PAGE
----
I fully understand the psychological boost. We were doing some unroped approaches in the highlands this winter and it's pretty interesting how, when you suddenly realise how high up you are and how steep it is, you can suddenly freak and your legs go to jelly. Then you tell yourself it's no big deal and it's all fine again. Anyway, the weather in Chamonix looks rubbish, so maybe mostly academic
I noticed on the Midi webcam that there were tracks up the Tacul and a bit later on Mt Maudit. Doesn't look like skies but I could be wrong
Not surprised, there's been a few days of relatively high pressure and 3 monts gets tracked early. But it's most likely skis for flat sections, crampons for the steep bits, as there's still a ton of snow up high.
Though I am just guessing from hearing what my friends report and what the conditions usually look like, as I am recovering from ACL surgery and unlikely to get first hand knowledge for quite a while...
I soloed the Gouter N ridge in April in a big snow year, using skis for much of it, kicked my own steps for the steeper section. I was disappointed that the other (group) parties ascended the glacier (exposed to serac fall). I thought climbing the ridge was great. Did it another time with partners (unroped) again April with big snowpack to cover crevasses. In non-wind-blasted snow conditions, I've also descended it on skis.
Avalanche is surely a concern for Gouter N ridge, but I don't see it as having much to do with a decision whether to do it solo or with partners -- because if a wind-slab big enough to bury someone released, it would likely catch multiple climbers, or otherwise carry a victim so far down the (very open exposed) slope that it seems unlikely that a partner could find them in time for digging and resuscitation.
I thought the Crochues traverse was very fun. I found that it was also possible to continue on past the Aig Crochues to Col Dards and on toward Aig Belvedere. I felt that the quality of the moves and features was sustained pretty well at least to Col Dards, so I would gladly to that again.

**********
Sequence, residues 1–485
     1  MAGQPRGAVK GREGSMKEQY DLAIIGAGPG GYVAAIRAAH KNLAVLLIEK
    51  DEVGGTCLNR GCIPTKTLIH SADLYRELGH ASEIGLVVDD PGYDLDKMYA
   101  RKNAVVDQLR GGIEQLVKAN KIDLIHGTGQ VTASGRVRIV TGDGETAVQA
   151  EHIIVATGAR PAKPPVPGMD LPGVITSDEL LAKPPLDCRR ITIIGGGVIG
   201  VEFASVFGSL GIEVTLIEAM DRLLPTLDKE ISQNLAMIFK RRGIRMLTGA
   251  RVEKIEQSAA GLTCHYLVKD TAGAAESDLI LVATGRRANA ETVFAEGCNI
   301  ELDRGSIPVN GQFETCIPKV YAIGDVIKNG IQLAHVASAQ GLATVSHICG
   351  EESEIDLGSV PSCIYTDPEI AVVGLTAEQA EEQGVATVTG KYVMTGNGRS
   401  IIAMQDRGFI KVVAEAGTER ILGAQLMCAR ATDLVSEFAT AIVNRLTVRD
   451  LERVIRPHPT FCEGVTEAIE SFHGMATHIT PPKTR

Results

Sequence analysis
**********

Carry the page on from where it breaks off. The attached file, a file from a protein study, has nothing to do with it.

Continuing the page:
The guidebooks say that a rope is needed to abseil to the East somewhere around Col Dards, but I found that I could down-climb on the West side (see description of difficulty on CampToCamp), then rejoin the ridge to continue north. A guided roped party continued their ridge traverse beyond Aig Crochues as far as the abseil, then hiked on the snow to Aig Belvedere before descending to Lac Blanc.
It is recommended to leave the ridge before reaching the Aig Belvedere, so I followed an obvious track around the SE face, then climbed to the summit from somewhere around the E side. At that point it would have been better to descend E or SE toward Refuge Lac Blanc. But I decided to try down-climbing the north side of the Aig Belvedere. I found myself going down roughly NNE, and found there was lots of climbing to be done before it felt like merely steep hiking.
Just to be clear, by "Goûter", I meant the normal summer route from Tête Rousse and Aiguille du Goûter, not the N ridge which is indeed the best option for spring ascents on skis, and on which avalanche risk is much lower.
Thanks for the clarification.
As you can guess from details of my posts, I like springtime (in a big snow year) for solos which require a glacier approach. Another one is the Tour Ronde. (have not tried the ridge traverse of Aig d'Entreves, heard it has a tricky move which might deter me)